Posted in: Business Process Outsourcing (BPO)Buyers' Sourcing Best PracticesGlobal Business Services

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An industry with no name? The outsourcing industry votes out the "O" word but can't think of an alternative...

September 07, 2012 | Phil Fersht

"How do we re-brand outsourcing" was the rallying cry at the NASSCOM BPO Summit in Gurgaon, India, this week.  Easy - let's call it something else... with two-thirds of the buyers and providers voting to drop the term, all we have to do now is agree on a super cool new set of words, and the industry's current  image problems will soon become old wives' tales.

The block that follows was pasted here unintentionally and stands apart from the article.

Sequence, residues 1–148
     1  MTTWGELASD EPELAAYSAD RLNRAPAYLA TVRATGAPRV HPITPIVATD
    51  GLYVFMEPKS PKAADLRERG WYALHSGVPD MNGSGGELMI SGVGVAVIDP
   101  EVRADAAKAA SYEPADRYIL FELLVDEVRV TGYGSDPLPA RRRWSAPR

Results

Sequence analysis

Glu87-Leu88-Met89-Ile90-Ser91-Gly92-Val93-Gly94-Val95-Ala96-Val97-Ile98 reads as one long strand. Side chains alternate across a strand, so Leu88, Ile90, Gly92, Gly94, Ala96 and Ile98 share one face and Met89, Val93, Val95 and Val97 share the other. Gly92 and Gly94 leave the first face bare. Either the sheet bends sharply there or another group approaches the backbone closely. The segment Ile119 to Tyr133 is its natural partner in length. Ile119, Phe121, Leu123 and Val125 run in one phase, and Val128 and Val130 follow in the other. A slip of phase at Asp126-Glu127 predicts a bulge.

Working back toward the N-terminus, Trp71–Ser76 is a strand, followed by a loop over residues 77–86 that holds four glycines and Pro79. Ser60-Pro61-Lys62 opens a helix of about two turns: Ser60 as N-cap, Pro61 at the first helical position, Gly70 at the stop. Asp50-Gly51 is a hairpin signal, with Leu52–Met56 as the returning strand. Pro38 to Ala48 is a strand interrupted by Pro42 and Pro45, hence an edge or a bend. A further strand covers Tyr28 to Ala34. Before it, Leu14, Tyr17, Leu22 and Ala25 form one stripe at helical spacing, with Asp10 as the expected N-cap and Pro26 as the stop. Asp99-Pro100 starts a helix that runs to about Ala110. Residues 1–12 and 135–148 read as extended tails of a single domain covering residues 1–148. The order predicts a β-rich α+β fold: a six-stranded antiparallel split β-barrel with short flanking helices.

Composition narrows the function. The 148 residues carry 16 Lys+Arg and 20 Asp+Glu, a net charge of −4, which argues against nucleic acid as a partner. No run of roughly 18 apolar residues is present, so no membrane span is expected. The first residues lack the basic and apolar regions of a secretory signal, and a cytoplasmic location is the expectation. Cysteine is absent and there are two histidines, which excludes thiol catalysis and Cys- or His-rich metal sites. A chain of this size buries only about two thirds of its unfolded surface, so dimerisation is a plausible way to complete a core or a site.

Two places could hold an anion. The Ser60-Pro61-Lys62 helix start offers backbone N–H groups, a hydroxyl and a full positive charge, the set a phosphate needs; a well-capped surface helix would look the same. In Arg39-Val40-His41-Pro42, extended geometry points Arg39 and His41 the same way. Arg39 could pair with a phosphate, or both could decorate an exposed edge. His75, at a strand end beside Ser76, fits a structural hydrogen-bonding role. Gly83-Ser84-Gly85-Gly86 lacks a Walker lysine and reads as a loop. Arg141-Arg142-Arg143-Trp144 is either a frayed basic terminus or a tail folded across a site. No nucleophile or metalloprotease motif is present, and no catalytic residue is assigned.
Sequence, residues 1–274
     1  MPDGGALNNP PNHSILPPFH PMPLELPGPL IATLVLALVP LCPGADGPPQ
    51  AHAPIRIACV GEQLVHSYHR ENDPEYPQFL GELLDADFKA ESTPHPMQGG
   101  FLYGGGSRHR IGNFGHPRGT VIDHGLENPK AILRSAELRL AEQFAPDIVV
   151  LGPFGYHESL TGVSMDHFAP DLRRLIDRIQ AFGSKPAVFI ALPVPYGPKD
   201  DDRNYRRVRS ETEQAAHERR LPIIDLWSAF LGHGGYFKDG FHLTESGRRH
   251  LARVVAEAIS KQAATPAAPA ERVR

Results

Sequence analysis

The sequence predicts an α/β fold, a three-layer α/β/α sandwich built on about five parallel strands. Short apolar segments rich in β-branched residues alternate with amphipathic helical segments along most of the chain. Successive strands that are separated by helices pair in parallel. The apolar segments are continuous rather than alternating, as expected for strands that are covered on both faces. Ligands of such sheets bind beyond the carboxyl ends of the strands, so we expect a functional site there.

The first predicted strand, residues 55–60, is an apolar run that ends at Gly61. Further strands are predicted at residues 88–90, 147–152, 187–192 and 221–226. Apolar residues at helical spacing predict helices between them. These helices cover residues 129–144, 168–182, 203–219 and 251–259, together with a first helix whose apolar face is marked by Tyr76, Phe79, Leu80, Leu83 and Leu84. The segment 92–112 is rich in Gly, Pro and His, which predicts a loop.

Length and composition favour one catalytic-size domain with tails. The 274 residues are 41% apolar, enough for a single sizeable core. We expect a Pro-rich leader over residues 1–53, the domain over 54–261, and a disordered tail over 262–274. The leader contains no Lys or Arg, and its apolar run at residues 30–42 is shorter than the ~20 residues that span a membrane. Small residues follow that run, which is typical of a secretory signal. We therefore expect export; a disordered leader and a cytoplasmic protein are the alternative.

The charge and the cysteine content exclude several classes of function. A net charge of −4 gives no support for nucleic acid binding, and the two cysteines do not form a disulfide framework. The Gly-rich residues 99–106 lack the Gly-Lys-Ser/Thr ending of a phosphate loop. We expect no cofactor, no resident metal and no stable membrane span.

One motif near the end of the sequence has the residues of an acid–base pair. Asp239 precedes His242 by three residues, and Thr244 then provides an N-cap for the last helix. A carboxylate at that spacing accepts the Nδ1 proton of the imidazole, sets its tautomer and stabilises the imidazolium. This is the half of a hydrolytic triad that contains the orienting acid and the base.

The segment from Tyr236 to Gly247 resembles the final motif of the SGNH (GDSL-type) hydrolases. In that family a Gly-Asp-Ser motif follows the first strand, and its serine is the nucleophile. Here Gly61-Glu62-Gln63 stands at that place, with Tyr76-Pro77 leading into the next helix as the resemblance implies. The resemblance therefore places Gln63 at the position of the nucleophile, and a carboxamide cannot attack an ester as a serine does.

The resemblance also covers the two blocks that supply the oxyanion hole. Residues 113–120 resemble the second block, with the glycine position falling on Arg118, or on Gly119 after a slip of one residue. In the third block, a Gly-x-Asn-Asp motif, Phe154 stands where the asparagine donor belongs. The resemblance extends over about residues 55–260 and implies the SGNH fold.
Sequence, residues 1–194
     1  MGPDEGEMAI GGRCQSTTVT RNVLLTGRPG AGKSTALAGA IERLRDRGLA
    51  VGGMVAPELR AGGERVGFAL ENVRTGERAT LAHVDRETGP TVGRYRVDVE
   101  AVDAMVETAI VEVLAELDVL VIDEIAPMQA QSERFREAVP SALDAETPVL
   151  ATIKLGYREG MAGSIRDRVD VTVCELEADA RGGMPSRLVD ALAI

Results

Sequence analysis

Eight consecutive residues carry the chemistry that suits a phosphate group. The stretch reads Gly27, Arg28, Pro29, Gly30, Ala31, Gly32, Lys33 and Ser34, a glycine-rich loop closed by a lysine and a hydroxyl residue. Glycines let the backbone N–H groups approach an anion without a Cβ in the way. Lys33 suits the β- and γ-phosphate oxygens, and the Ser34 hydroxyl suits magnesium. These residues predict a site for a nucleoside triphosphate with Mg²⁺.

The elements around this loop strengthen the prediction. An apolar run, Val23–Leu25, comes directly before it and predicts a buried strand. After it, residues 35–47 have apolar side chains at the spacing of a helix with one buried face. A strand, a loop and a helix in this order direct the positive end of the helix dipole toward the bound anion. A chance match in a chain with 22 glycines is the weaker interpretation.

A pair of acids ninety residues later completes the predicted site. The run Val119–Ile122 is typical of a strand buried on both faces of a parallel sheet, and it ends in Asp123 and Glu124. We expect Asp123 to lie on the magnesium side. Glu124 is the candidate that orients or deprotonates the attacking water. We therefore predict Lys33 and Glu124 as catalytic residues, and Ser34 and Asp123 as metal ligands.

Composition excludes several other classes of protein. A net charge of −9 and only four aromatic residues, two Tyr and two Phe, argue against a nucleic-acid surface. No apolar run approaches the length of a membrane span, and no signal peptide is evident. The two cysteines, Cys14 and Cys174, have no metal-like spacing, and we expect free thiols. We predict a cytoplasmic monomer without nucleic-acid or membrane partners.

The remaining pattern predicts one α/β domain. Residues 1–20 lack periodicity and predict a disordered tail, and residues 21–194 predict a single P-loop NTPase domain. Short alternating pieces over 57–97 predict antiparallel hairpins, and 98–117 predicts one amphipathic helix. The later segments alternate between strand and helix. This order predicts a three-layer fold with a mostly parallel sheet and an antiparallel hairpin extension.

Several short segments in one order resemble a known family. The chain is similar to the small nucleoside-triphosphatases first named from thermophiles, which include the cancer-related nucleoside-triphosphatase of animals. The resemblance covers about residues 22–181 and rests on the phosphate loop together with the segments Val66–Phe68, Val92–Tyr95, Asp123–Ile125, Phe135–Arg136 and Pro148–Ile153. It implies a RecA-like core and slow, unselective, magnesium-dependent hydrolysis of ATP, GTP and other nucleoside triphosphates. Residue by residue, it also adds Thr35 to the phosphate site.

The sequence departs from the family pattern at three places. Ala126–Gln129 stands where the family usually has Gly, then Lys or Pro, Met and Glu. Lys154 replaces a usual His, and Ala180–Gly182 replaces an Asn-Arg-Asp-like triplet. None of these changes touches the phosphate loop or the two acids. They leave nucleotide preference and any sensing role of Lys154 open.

So let's take a look at the renaming options each industry stakeholder group has voted for (this is for BPO - we asked about ITO separately) :

The beauty of this table is that it doesn't require a whole lot of analysis.  Buyers are so at a loss for alternatives, they couldn't think of much else and "Outsourcing/BPO" actually came top.  Most of the providers just want to swap out "outsourcing" for "services", while most advisors stuck with BPO, with a growing number, mainly the management consultants, pushing the Global Business Services badge (even though GBS is supposed to represent all forms of sourcing being managed under a holistic governance framework).

The outsourcing industry has a lot of work to do, if it wants to "re-brand"